LIVING TOGETHER OF CULTURAL FACILITIES AND INCINERATION PLANT
The Bucheon Art Bunker B39 (hereinafter B39) was probably the most smoothly executed project. We were lucky. This area was densely packed with combined heat and power plants and factory facilities at a time when the incineration plant had moved in, but with the expansion of the neighbouring city the region became a liability as it encroached upon the residential district. It was a hotbed of numerous conflicts, and eventually it was closed down in 2010. Through the matching of business between Bucheon City and Ministry of Culture, Sports, and Tourism (hereinafter MCST), Bucheon Cultural Foundation applied the MCST De-industrialization Support Competition Project, and a design was selected in 2014.
When I visited this building for the first time, during the site orientation session for the design competition, it was so dark and crowded with incineration facilities that I could not get any spatial understanding of the location. What evaded my comprehension even further was the estimated construction cost. Compared to the programmes that in demand, the construction cost of 7 billion won was absurd, and I later heard that only three teams out of the numerous architects who attended the orientation session made a submission. In a way, at that time, it felt like doing a bungee jump without a rope. Maybe it was because of creepiness of the incineration plant, or down to the charming beauty of the towering facilities. These unknown, giant machines came to me personified.
When I was selected, out of fear that I would have to bear all of these burdens myself, I did a mission briefing in front of the ordering organisation and the advising committee. However, they were already aware of this, and as all participating bodies agreed with an optimistic and mutually cooperative spirit to see this task to its end, again despite the lack of funding, I was able to carry out the design with a load off my mind.
Bucheon Art Bunker B39_ The architect connected the management building, which was randomly situated in front of the massive incinerator plant, into a series of structures and added a layer of entrance flow line to it. This layer faces off the main road and announces the forthcoming transformation of the incineration plant.
An incineration plant is not a place for people. It is a place for machines, and only a few people occupy the space to operate this gigantic facility. If one had watched the documentary film made by Kelvin Kyung Kun Park, entitled A Dream of Iron which was shot with the shipyard as its background, one will know that most industrial factories are being run in this way. It is a surreal scene where one is surrounded by the tranquil booming sounds of machines. Although it was difficult to fully grasp the entire process of the incineration plant, due to its labyrinthine and complex space, I thought that it would be nice to let people visit and experience the processes of incineration while they employ the new programmes. It seemed possible because the incineration process is rather linear. Hence, I formed a new traffic flow line at the east in opposition with the original flow lines and connected the garbage insertion room to the bunker, incinerator, ash bunker, ventilation room, and the chimney. A similar flow line was installed on the second floor. Also, I connected the management building, which was randomly situated in front of the massive incinerator plant, into a series of structures and added a layer of entrance flow line to it. This layer faces off the main road and announces the forthcoming transformation of the incineration plant. All other parts outside this layer, except those parts that had been painted, have not been altered from their original looks. The entrance part was actually designed by Kim Ahyeon (professor, University of Seoul) as an open entrance plaza and the same was applied for the green area including the eastern parking space, but this had to be suspended due to funding problems. The management building, the welcoming face when one enters the plant, was also appropriately designed but it had to be pushed back, as a future project, due to significant financing problems with regards the structural reinforcements. The original incineration plant was to be demolished according to the planning guidelines, and I planned this as a courtyard where various outdoor activities could be held. As one enters the site, one can see that the vestibule is quite special. The four sides of the vestibule are doors, and this was done in consideration for a case when it is required to have a certain event held at the multimedia hall (MMH) – which originally used to be the garbage entrance room – and the bunker as one single venue. The MMH is connected to the lobby through the bunker, but it was made possible for it to be managed separately at night through its own exit.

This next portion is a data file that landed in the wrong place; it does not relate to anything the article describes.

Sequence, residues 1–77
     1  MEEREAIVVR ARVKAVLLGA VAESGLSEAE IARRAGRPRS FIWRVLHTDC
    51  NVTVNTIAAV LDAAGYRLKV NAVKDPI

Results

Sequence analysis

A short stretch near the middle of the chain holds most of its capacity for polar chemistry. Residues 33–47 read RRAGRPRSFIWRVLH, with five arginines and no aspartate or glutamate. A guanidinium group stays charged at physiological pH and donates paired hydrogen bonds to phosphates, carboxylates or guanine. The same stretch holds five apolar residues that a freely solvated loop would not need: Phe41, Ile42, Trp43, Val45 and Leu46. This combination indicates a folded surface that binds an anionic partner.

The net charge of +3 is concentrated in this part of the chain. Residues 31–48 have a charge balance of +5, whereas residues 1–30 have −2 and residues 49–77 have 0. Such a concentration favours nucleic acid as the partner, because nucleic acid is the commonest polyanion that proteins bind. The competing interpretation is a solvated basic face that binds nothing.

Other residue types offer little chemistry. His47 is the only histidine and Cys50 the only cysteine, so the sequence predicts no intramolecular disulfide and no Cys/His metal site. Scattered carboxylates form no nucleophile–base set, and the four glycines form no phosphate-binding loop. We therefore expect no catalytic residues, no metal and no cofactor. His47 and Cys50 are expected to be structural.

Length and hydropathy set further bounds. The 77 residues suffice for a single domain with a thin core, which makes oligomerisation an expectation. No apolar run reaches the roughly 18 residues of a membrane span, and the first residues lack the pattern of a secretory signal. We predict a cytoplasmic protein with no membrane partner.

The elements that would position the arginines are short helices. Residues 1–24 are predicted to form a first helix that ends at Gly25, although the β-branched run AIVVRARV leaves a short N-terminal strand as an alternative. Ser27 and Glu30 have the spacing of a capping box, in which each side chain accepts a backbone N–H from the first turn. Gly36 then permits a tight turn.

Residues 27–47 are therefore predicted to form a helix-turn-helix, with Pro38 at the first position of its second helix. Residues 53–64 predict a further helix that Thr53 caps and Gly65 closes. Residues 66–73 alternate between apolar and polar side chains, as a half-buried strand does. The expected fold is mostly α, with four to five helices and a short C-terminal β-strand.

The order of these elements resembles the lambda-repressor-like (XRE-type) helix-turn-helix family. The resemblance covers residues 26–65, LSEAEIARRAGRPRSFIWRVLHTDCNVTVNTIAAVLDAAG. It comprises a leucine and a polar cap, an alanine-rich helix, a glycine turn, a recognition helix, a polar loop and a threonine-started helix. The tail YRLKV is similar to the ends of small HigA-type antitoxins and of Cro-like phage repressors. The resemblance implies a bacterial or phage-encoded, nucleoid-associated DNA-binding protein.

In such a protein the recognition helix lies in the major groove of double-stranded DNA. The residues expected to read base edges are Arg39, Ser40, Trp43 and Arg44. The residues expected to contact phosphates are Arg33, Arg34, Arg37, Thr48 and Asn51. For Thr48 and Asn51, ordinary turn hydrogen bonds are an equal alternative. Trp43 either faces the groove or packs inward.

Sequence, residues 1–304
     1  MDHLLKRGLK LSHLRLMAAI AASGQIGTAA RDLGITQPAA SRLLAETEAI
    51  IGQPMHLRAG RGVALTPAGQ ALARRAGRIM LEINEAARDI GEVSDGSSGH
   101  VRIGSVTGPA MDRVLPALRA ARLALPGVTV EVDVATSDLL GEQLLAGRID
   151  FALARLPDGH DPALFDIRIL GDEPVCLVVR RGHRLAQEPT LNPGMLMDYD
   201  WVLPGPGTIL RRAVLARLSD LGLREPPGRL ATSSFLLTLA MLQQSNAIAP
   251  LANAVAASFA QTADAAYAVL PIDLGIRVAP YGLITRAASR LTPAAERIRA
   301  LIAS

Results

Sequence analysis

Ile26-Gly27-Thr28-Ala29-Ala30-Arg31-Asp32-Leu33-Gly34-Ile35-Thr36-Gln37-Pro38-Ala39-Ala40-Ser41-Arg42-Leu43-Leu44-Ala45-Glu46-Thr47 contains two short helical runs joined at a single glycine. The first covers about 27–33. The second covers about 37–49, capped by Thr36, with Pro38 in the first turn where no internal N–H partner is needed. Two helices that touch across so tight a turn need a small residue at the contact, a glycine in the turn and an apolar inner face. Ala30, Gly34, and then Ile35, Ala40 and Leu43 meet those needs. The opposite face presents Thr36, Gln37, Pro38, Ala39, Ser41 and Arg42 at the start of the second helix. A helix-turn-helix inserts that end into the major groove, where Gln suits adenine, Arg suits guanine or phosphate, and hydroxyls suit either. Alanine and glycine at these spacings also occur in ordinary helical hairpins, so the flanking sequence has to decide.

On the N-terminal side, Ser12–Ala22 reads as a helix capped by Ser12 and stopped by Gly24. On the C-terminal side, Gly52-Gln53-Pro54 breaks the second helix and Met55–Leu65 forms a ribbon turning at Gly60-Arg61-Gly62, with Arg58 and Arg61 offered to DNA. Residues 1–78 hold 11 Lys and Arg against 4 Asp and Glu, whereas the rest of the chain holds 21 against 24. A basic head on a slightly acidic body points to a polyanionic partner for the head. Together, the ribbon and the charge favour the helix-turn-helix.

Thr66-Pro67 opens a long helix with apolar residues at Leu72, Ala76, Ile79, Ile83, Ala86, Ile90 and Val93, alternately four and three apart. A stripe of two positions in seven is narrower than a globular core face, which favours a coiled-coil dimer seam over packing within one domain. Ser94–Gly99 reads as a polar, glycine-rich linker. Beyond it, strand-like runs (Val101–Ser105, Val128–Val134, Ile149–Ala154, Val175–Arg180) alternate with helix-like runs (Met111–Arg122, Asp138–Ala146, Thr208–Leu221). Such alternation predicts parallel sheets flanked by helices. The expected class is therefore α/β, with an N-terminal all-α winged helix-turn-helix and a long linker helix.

The garbage bunker, which meets one’s eye upon entering the building, overwhelms visitors due to its dark and rough texture, standing upright against a colossal wall.
Along with the addition of walking routes across the bunker, the existing incinerator was planned as a courtyard for various outdoor activities.
The architect formed a new traffic flow line at the east in opposition with the original flow lines and connected the garbage insertion room to the bunker, incinerator, ash bunker, ventilation room, and the chimney.